Gartner recently released its first-ever Magic Quadrant for Industrial IoT (IIoT) Platforms —a report surveying the emerging IIoT market and defining IIoT platforms with specific must-have capabilities.
At PTC, we’re obviously pleased with our strong position on the Magic Quadrant (MQ). Beyond earning validation of our IIoT strengths by a respected analyst firm, however, there are other important reasons to be enthusiastic.
One clear benefit is clarifying exactly what IIoT is (and isn’t)—both in the context of IoT vs. IIoT platforms, as well as IIoT vs. legacy manufacturing asset and performance systems. With regards to the latter, IIoT isn’t a complete departure from legacy systems like MES and EAM; instead, IIoT focuses on replacing static point solutions with a flexible platform that can address an infinite range of issues. It’s analogous to comparing the telephone systems of the 1950s with today’s wireless networks. Sure, they’re both there ostensibly to place a phone call, but infrastructure advancements helped redefine capabilities until the new technology barely resembles the former.
In their inaugural IIoT MQ, Gartner references an area that illustrates the difference between IIoT and legacy industrial applications: IIoT’s growing impact on asset management.
According to a report issued by the International Society of Automation, asset downtime robs manufacturers of 5% of their productivity annually. In 2013 dollars, that translated to $647 billion in global downtime-related costs. If downtime is damaging to a manufacturer, unplanned downtime can be crippling. And downtime challenges are exacerbated by economic pressures to reduce headcount, along with an aging workforce of skilled technicians that can be difficult to train and replace. The same forces that help ensure lower costs during normal operations wind up compounding costs when operations are disrupted.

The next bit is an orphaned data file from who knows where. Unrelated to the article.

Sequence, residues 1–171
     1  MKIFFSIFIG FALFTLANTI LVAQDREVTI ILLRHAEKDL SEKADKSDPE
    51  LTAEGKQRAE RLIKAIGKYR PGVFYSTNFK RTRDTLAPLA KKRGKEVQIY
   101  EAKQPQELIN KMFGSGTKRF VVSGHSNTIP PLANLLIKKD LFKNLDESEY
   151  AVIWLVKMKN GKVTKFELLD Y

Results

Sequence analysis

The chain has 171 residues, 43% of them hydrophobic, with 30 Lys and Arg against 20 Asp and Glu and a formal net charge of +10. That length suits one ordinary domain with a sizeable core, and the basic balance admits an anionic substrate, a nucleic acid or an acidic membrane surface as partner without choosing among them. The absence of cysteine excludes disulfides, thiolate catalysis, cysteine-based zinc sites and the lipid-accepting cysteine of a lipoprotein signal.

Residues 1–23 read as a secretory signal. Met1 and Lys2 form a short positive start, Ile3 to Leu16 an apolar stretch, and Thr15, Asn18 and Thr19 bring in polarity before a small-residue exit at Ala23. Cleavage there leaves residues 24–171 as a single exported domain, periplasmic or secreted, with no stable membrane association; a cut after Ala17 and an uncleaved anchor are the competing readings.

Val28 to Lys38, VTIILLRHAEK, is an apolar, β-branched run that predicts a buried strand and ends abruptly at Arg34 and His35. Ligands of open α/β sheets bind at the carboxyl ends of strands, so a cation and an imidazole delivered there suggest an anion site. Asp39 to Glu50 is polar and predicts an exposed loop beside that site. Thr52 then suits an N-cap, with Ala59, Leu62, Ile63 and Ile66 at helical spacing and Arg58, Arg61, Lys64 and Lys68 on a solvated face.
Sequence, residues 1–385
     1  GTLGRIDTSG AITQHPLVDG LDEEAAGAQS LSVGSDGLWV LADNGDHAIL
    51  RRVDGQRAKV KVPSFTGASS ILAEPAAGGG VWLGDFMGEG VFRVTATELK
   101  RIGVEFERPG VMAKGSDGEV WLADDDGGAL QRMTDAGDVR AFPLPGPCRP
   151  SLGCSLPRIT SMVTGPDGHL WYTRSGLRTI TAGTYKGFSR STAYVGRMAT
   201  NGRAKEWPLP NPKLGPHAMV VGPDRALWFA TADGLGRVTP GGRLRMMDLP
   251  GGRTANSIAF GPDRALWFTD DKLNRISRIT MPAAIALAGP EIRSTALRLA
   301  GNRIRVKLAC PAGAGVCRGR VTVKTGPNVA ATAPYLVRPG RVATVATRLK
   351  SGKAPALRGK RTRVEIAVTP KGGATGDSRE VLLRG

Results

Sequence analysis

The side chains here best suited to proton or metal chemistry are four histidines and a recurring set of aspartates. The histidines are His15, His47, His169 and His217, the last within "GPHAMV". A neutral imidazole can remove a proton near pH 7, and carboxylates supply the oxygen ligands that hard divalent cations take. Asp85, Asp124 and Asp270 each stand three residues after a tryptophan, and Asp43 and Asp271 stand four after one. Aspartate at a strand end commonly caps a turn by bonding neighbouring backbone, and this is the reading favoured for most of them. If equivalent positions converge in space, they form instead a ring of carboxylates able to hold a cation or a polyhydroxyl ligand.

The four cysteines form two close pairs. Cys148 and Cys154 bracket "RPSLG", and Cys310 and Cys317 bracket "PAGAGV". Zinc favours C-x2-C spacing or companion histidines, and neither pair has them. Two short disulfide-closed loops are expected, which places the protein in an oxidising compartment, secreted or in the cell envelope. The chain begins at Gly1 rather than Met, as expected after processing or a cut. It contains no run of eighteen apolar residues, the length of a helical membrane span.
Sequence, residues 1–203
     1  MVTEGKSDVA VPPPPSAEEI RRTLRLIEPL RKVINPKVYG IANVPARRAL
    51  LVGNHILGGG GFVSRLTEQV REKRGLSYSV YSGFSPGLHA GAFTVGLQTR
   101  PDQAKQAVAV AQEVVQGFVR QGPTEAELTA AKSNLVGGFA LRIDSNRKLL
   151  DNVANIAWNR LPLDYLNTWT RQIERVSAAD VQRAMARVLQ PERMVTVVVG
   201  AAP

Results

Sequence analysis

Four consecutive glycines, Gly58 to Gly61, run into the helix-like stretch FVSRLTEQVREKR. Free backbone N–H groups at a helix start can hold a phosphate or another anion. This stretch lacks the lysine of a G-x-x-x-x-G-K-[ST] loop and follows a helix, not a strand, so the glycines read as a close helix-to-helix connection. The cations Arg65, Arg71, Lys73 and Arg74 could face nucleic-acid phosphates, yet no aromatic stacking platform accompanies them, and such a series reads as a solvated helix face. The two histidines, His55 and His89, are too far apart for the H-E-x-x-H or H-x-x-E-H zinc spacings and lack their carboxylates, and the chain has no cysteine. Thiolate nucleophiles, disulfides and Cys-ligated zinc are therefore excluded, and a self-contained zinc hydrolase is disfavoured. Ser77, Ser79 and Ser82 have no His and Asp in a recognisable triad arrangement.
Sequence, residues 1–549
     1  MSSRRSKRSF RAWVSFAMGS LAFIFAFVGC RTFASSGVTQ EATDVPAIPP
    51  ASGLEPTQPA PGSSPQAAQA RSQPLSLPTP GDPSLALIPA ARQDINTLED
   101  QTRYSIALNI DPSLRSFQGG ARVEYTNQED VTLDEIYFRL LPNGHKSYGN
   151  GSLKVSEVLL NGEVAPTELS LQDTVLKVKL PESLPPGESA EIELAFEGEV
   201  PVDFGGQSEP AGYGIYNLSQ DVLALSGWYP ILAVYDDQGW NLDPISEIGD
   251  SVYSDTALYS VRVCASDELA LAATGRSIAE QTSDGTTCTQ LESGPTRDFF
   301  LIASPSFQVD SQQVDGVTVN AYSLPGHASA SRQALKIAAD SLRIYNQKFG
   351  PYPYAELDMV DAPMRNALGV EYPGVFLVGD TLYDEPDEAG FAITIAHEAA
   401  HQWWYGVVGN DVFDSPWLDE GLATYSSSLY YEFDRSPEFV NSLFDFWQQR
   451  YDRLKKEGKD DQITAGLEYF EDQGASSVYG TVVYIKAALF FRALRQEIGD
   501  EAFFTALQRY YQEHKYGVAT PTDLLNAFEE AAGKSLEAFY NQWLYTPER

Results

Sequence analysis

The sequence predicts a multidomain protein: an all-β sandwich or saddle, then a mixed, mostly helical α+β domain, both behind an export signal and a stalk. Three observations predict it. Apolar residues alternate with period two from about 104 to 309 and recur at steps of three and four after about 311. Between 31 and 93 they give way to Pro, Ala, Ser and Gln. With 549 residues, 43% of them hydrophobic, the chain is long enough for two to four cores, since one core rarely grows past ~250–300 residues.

The long-held answer to the scourge of unplanned downtime is condition-based maintenance (CBM). CBM can help prevent some downtime, or at least just lessen its impact. In legacy models, the cost of preventative maintenance is high enough to warrant applying a rubric. If the cost of disruption is high enough, then traditional monitoring solutions may be brought to bear to prevent (or more likely reduce) downtime. Gartner is identifying “democratization of asset management” as a key component of IIoT outcomes. At PTC, our experience suggests these features are important because of the following benefits:
IIoT platforms still represent an emerging market, and manufacturers should approach them judiciously. However, good judgement shouldn’t be confused with overabundant caution. Given that asset management is one of a myriad of ways that market-leaders are using IIoT to separate themselves from their competitors, manufacturers should understand that the ground between adopters and laggards is only going to expand. That’s why Gartner’s first Magic Quadrant for Industrial IoT is so invaluable, and why we’re making it available to you.